Policymakers in the government use this information to make decisions on programs that affect every citizen’s life. Using this information, the Federal Reserve Bank raises or lowers interest rates, impacting everything from the cost of home mortgages to the cost of capital needed by companies for investment purposes. Investors use these numbers to determine where they might invest or how they might allocate their investments. However,  little has changed in close to 90 years with regard to how the GDP or unemployment rate is calculated.

Would you feel confident that the CEO of a modern corporation was acting in the best interests of shareholders and customers if the organization only made decisions based on the same two datapoints it had available to it in the 1930s? Could a company be competitive or reach its full potential by ignoring the ocean of data available to it? Given the complexity and size of the U.S., are the news media and government acting in everyone’s best interests by relying so heavily on the unemployment rate and GNP? Yet, today, these two numbers are the foundation on which many of these decisions are made.

For years, academia, the news media, and the U.S. government have been fixated on collecting data on all facets of business and society, yet they are long overdue in implementing the latest technologies to put all this data to good use.

Just as many a modern corporation uses key performance indicators to measure how effectively a company is achieving critical business objectives, there is an effort underway to create a national indicator system for the U.S. The State of the USA ( was established to gather public and private data and make it available.

Anyone who visits the catalog of U.S. Government Publications ( will see that there is no shortage of data. Just as in the private sector, the variety and velocity of data are growing at an alarming rate. Turning all that data into actionable insight requires applying 21st-century technology.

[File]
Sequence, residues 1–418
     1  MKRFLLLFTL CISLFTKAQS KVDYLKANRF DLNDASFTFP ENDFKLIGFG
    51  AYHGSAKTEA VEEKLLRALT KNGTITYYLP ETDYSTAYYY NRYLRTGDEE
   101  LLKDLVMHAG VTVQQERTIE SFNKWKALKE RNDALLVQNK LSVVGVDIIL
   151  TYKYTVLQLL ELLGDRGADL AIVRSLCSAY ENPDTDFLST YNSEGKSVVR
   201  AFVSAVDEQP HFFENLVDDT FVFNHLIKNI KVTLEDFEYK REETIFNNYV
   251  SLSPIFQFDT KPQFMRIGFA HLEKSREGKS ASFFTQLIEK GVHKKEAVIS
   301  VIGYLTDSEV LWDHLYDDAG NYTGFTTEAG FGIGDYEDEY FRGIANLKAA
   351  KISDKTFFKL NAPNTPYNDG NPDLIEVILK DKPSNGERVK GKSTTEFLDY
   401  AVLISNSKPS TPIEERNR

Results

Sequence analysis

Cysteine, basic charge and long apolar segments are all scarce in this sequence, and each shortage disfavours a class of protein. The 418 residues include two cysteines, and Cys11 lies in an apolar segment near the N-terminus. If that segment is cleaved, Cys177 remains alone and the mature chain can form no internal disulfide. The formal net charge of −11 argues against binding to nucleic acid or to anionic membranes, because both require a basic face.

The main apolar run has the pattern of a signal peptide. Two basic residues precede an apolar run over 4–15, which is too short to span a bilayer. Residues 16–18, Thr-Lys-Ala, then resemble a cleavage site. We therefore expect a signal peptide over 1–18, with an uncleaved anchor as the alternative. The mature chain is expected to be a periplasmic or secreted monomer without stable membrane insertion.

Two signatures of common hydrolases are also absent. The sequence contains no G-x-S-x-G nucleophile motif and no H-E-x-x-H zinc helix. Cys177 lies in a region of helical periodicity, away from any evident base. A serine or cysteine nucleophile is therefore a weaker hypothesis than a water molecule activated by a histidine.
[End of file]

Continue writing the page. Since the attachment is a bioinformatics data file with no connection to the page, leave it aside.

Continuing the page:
Time to Update Economic Algorithms

We are at a turning point in history. Machine learning and AI could hold the keys to understanding every lever that impacts the economy and help us predict what will happen if and when those levers are applied.

Modern GPUs have made the dream of computer scientists a reality. AI using machine learning models driven by nearly infinite amounts of data can be utilized to derive results of unparalleled insight. An average minor league baseball scout has access to large quantities of useful data on an 18-year-old right-handed pitcher, such as the probability of injury based on dozens of different physiological factors derived from thousands of hours of film of the pitcher throwing. That same scout has access to a plethora of other valuable data and can set tunable parameters to shift the probability of successfully finding the next Gerrit Cole, who just signed a $324 million contract with the New York Yankees, as opposed to the next Tommy John surgery candidate.

The same scout has indispensable tools immediately available on every obscure player under consideration. But, so do the fantasy baseball companies, as well as the gambling organizations and the simple hobbyists.

So, we end with a simple question: Why aren’t academics, the news media, and the Bureau of Labor Statistics taking the same approach when calculating economic metrics? Why does a part-time, self-employed Uber driver count as being “employed”? Why is it that the economic algorithms fail to utilize the same level of sophistication and technology used by fantasy baseball?

Image by Gerd Altmann from Pixabay


Subscribe to Big Data Quarterly E-Edition